Plant Cuttings Guide – Plant Propagation Techniques

Plant Propagation Techniques


Raising your own new plants from existing stock is an inexpensive or even free source of young, healthy plants. The supply is potentially infinite, as each year’s growth provides new material for propagation. You know just what you will get, since vegetative propagation from cuttings, division or layering produces plants identical to the parent.

No special equipment is needed, only simple techniques and the right timing And success brings a sense of achievement, as you provide enough stock to fill your own garden, give to friends and charity events, and exchange for other plants at local garden clubs.

Simple gardening tips to help you take your plant cuttings and get perfect results every time:


Tip Cuttings

  1. Snip off non-flowering side-shoots from perennial plants at any time during the summer. Each cutting should be 7.510cm (3-4in) in length and be free from all pests and diseases.
  2. Trim each cutting straight across the stem, just below a leaf node — the point at which one or more leaf stalks join the main stem — then pull off or cut away the lowest pair of leaves.
  3. Using a pencil, make planting holes in a 10cm (4in) pot containing a suitable cuttings compost. Insert the cuttings, firm in with your fingers and water gently from overhead.
  4. Criss-cross two galvanized wire hoops to make a framework, and cover with a polythene bag. Make a few small breathing holes in the polythene and secure it with a rubber band.
  5. After four to six weeks, remove the polythene and check for rooting —cuttings should not yield to a gentle tug. Plant each rooted cutting in a 7.5cm (3in) pot of potting compost.
  6. Pinch out the tip of each cutting about one week after potting individually to encourage side-branching and the formation of a strong root system. Overwinter in a cold frame.




Semi-Hardwood Heel Cuttings

  1. Most shrubs root more easily if taken with a heel — a sliver of wood from the main stem. Begin by making a slanting cut into the main stem below the join with the side-shoot.
  2. Next, make a similar cut in the opposite direction to remove the side-shoot complete with the heel. A very sharp, clean knife is essential for this operation.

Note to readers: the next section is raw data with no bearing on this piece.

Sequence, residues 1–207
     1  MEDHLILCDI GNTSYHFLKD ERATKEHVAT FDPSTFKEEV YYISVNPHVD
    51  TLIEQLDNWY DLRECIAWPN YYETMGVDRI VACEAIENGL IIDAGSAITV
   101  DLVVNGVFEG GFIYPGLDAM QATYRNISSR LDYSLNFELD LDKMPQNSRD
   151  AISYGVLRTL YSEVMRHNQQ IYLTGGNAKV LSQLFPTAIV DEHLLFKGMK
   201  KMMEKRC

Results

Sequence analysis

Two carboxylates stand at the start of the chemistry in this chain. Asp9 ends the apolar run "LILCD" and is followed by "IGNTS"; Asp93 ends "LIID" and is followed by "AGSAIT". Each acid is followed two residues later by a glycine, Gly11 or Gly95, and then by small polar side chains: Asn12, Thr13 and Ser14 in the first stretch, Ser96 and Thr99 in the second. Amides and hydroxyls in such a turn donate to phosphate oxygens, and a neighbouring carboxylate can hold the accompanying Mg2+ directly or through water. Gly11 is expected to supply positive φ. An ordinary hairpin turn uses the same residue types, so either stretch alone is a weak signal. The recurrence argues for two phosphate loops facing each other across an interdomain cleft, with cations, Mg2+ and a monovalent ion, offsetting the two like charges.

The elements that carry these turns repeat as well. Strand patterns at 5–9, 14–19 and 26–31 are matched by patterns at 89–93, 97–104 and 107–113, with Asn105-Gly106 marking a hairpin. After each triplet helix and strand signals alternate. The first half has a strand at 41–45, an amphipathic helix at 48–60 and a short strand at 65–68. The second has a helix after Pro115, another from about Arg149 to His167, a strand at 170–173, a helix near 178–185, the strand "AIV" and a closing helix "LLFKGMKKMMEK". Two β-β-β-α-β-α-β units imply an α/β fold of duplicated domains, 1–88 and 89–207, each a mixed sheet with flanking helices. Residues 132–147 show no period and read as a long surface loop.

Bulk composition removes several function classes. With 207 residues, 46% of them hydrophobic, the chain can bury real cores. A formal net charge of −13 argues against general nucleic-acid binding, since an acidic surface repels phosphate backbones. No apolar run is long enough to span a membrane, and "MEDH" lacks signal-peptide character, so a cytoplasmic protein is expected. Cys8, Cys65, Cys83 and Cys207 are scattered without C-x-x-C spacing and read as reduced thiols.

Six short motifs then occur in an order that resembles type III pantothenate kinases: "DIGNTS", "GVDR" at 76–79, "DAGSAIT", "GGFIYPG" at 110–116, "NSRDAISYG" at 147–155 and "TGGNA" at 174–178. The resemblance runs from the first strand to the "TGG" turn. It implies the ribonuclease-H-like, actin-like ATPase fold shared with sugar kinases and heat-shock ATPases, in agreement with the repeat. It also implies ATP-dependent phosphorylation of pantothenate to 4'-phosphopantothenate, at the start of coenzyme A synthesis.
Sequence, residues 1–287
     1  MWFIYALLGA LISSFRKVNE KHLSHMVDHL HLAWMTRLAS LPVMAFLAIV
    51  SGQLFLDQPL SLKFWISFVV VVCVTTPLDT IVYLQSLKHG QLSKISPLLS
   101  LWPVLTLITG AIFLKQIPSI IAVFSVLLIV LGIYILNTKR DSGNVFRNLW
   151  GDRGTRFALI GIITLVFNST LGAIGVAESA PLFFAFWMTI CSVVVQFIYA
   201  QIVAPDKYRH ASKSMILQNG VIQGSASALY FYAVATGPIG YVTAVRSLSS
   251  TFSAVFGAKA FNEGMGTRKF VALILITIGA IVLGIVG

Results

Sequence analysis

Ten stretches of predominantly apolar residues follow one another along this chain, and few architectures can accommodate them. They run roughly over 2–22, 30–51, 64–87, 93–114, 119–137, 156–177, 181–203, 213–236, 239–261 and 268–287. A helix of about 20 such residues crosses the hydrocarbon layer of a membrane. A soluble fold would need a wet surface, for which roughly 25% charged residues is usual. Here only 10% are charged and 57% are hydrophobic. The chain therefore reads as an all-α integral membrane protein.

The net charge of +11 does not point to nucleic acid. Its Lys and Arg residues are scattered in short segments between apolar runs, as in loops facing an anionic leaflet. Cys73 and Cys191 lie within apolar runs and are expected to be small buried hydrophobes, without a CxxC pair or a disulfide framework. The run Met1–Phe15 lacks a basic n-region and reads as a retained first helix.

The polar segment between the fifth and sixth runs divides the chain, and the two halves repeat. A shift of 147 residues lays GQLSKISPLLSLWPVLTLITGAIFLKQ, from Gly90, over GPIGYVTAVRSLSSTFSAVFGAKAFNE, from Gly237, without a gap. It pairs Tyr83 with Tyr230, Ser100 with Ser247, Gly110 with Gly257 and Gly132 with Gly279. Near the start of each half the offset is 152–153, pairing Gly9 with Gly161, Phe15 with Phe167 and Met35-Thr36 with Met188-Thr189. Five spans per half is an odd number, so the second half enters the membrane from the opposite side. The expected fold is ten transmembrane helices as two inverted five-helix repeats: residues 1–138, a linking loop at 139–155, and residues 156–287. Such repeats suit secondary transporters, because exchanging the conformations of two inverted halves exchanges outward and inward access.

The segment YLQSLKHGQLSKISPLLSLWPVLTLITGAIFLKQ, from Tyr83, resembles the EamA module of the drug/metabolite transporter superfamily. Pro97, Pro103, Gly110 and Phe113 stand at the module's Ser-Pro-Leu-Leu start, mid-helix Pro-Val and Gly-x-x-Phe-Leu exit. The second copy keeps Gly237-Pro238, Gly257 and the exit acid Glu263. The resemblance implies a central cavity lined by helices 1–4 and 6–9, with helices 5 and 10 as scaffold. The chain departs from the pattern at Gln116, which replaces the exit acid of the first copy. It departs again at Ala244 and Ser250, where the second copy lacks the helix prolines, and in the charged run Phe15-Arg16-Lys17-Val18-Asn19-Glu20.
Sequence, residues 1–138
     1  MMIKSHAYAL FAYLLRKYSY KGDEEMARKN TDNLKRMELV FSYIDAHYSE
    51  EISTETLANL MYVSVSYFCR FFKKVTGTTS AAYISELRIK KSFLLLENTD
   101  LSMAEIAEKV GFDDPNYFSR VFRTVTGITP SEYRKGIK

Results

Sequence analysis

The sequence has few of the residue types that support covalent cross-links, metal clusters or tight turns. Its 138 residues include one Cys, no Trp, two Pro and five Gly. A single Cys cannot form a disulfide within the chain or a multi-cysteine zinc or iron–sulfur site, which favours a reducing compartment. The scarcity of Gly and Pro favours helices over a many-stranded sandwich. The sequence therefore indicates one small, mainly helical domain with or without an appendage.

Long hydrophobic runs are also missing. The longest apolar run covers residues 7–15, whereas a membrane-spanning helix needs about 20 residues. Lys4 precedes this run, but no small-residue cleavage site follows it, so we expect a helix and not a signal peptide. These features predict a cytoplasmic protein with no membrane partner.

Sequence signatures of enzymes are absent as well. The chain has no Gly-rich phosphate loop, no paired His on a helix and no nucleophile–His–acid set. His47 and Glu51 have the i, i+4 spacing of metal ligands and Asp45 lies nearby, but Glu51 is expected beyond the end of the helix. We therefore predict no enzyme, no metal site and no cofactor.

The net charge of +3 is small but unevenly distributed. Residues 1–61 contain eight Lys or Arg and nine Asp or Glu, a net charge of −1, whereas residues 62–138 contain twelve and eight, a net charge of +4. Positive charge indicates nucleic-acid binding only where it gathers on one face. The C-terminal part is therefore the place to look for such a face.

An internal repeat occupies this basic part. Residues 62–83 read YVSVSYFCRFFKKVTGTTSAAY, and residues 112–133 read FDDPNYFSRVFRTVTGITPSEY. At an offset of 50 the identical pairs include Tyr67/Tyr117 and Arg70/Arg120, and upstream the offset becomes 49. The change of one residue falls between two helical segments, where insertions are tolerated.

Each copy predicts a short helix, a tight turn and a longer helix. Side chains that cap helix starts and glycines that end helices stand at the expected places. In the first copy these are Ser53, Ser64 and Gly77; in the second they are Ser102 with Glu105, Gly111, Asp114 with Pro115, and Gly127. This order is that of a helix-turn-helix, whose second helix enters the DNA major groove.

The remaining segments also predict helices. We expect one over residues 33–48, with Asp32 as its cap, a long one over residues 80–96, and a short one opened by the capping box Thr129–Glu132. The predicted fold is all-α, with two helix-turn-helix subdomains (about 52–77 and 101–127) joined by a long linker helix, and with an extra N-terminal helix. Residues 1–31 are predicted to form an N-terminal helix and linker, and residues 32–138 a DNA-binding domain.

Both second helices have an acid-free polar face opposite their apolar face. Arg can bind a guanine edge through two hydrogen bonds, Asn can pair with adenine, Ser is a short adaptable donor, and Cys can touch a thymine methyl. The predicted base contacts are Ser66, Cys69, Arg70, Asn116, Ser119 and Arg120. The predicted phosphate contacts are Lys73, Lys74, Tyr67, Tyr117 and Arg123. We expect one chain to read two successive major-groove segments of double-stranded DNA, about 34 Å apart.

3. Remove the leaves from the lowest part of the stem, and also trim off the terminal soft tip just above a leaf joint. The final cutting should be about 5-10cm (2-4in) in length.
  4. Insert the cuttings in pots of cuttings compost and provide them with a warm, humid atmosphere by covering with a polythene bag or putting them in a special propagator.


Root Cuttings

  1. Lift the entire plant, or expose a section of the plant’s root system. With secateurs, cut off a thick root close to the main stem, or close to a larger main root.
  2. With a sharp knife, cut pieces of root about 4cm (11/2in) long — slightly longer if the roots are thin — cutting straight across at the top, but at an angle across the bottom.
  3. Plant the root pieces in pots of cuttings compost so that the tops are flush with the surface. Ensure that the angled cut ends point downwards. Cover with a thin layer of sand.
  4. Six months later, move the developing plants into individual 9cm (3-1/2in) pots of John Innes No.1 potting compost. Firm the compost well and water in generously.


Hardwood Cuttings of Deciduous Shrubs

  1. In mid autumn, choose a vigorous stem of the current year’s growth — it should be hard and woody, and bear small, dormant buds all along its length. Using secateurs, cut the stem cleanly near its base.
  2. Using a sharp knife, trim the stem to 25-30cm (10-12in) long, cutting cleanly just below a bud or joint at the base and just above a bud at the top. Cut away from your fingers or lay the cutting on a bench when trimming.
  3. To aid rooting, slice off a thin sliver of bark and wood from near the base of each cuffing, either on one side or opposite sides. A rooting compound may also assist rooting.
  4. Plant the cuttings to at least half their length in a V-shaped trench in open ground in a site sheltered from north and east winds. A layer of sand in the bottom aids drainage.
  5. A year or two later, healthy shoots should have developed and the rooted cuttings are then ready for transplanting into their permanent positions in the garden.


Leaf-Bud Cuttings

  1. The method of making a leaf-bud cutting is much the same as for a heel cutting. Each cutting of a camellia should contain one tiny bud, one leaf and a sliver of wood.
  2. Insert cuttings so that only the leaf shows on the surface. Leaf-bud cuttings of other shrubs usually include a short length of stem, rather than just a sliver of wood.


Hardwood Cuttings of Evergreens

  1. Make hardwood cuttings of evergreen shrubs, such as privet (Ligustrum), by severing just below a leaf node. Strip off most of the lowest leaves, leaving no more than six.
  2. Insert the cuttings in the open ground in a V-shaped trench with a layer of sand at the bottom to assist drainage. Such cuttings will take about a year to root successfully.

25. November 2010 by admin
Categories: Garden Management, Propagating Plants | Tags: , , , , | Comments Off on Plant Cuttings Guide – Plant Propagation Techniques


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